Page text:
A Shaker of Science: Loÿc Vanderkluysen
Thursday, December 3, 2020
5:30 PM-6:30 PM
Join us for a virtual live happy hour and unwind with Drexel volcanologist Loÿc Vanderkluysen as he shares stories of science and adventure.
Get ready to mix the baking soda and vinegar as A Shaker of Science erupts with our favorite volcano expert, Loÿc Vanderkluysen! With drink in hand, join us for a world tour featuring stories and insight into the geological marvels that have captured everyone’s attention since childhood — volcanoes! Can we predict when the next volcanic eruption will shake the Earth? What does the life of a volcanologist look like, anyway? Hear about Vanderkluysen’s great adventures over your favorite libations.
On second thought, hold off on the baking soda and vinegar. We recommend mixing up one of these volcanologist-approved and scientist-recommended libations instead:
Volcanoes are HOT. You will need to replenish your electrolytes.
Loyc’s 1944 Mai Tai
In a shaker of ice combine: 1 oz fresh lime juice, ½ oz. orange Curaçao (or Triple Sec), ¼ oz orgeat syrup, ¼ oz simple syrup, 1 oz aged rum and 1 oz Martinique agricole rum. Shake and strain into a lowball glass filled with ice. Garnish with a cherry and pretend you are on Loyc’s favorite volcanic island — Hawaii.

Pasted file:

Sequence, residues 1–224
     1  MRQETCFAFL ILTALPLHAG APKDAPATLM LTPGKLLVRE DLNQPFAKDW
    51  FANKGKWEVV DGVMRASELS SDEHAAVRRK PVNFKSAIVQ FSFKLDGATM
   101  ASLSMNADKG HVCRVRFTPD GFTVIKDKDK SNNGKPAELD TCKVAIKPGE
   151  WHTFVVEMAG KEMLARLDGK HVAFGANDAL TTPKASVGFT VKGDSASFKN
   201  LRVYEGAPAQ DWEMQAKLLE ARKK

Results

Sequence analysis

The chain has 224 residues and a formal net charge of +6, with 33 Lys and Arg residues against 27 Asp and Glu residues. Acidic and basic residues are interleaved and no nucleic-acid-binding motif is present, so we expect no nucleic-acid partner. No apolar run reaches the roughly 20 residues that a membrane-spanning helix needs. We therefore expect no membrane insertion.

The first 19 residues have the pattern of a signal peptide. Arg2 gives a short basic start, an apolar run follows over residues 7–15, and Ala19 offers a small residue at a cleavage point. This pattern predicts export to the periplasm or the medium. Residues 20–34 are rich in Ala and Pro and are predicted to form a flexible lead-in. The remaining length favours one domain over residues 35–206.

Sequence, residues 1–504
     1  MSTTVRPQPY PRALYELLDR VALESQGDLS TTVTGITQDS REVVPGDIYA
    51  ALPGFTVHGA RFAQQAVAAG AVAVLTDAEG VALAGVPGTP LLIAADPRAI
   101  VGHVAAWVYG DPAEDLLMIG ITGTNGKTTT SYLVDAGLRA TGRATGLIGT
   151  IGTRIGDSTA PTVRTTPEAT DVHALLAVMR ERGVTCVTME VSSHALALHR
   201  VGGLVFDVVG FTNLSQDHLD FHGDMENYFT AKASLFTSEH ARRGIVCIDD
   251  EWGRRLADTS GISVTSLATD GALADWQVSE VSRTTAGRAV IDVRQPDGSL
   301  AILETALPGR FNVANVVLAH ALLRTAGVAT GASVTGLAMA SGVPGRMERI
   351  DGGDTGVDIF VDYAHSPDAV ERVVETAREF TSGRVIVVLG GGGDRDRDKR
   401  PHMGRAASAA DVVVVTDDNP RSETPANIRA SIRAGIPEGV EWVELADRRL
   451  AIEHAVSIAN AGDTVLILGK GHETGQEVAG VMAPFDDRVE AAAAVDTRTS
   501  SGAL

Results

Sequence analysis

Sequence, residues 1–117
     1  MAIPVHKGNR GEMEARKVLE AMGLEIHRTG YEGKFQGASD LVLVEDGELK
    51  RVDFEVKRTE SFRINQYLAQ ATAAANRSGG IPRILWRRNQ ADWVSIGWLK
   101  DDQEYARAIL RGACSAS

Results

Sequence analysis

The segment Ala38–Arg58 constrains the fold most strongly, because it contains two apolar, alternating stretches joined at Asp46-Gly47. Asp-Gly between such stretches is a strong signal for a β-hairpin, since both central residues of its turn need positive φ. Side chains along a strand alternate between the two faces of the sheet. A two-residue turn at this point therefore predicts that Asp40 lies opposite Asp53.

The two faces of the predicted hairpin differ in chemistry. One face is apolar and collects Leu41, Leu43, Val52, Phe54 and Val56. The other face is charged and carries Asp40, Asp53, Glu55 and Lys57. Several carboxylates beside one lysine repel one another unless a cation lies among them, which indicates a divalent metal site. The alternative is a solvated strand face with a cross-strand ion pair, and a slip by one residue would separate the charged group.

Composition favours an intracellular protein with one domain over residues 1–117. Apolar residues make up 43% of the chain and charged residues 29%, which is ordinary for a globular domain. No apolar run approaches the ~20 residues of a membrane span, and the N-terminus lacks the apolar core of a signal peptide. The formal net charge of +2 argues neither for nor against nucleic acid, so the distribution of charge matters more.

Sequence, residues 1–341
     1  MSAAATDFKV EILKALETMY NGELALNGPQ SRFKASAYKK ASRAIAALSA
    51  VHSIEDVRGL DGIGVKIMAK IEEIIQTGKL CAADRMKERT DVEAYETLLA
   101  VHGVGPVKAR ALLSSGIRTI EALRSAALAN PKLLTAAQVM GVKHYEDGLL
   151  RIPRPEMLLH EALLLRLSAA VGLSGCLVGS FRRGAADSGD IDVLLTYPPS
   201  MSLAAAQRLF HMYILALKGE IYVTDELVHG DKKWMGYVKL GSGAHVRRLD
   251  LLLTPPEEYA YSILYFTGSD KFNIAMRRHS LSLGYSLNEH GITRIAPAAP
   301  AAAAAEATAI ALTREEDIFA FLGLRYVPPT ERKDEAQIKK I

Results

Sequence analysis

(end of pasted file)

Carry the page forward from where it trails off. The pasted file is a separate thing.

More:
Kona Brewing Co., Big Wave Golden Ale
We are told beer is the international drink of geology by a reliable source.
Nero D’avola Sicilia, Red Table Wine
This wine is from Sicily, which is located on the edge of Mount Etna — one of Europe’s highest active volcanoes.
A Shaker of Science is pay-what-you-wish. Click here to register.
About the Speaker:
Loÿc Vanderkluysen is a Belgian volcanologist. Born and raised in Switzerland, he developed a fascination for volcanoes as a teenager from watching the documentaries of maverick volcanologist Haroun Tazieff. After completing his undergraduate and Master’s studies in Switzerland at the University of Lausanne, he enrolled in the PhD program at the University of Hawai’i at Manoa, where he studied the emplacement of large lava flows from the Deccan Traps of India, and submarine volcanoes of the Louisville Seamount Chain in the South Pacific. Postdoctoral research at the Hawai‘i Institute of Geophysics and Planetology and at Arizona State University took him to the volcanoes of Italy and Indonesia. Vanderkluysen has been a professor at Drexel University and research associate at the Academy for the past six years, studying volcanoes and their impact from Indonesia to Equatorial Guinea, India and Yellowstone.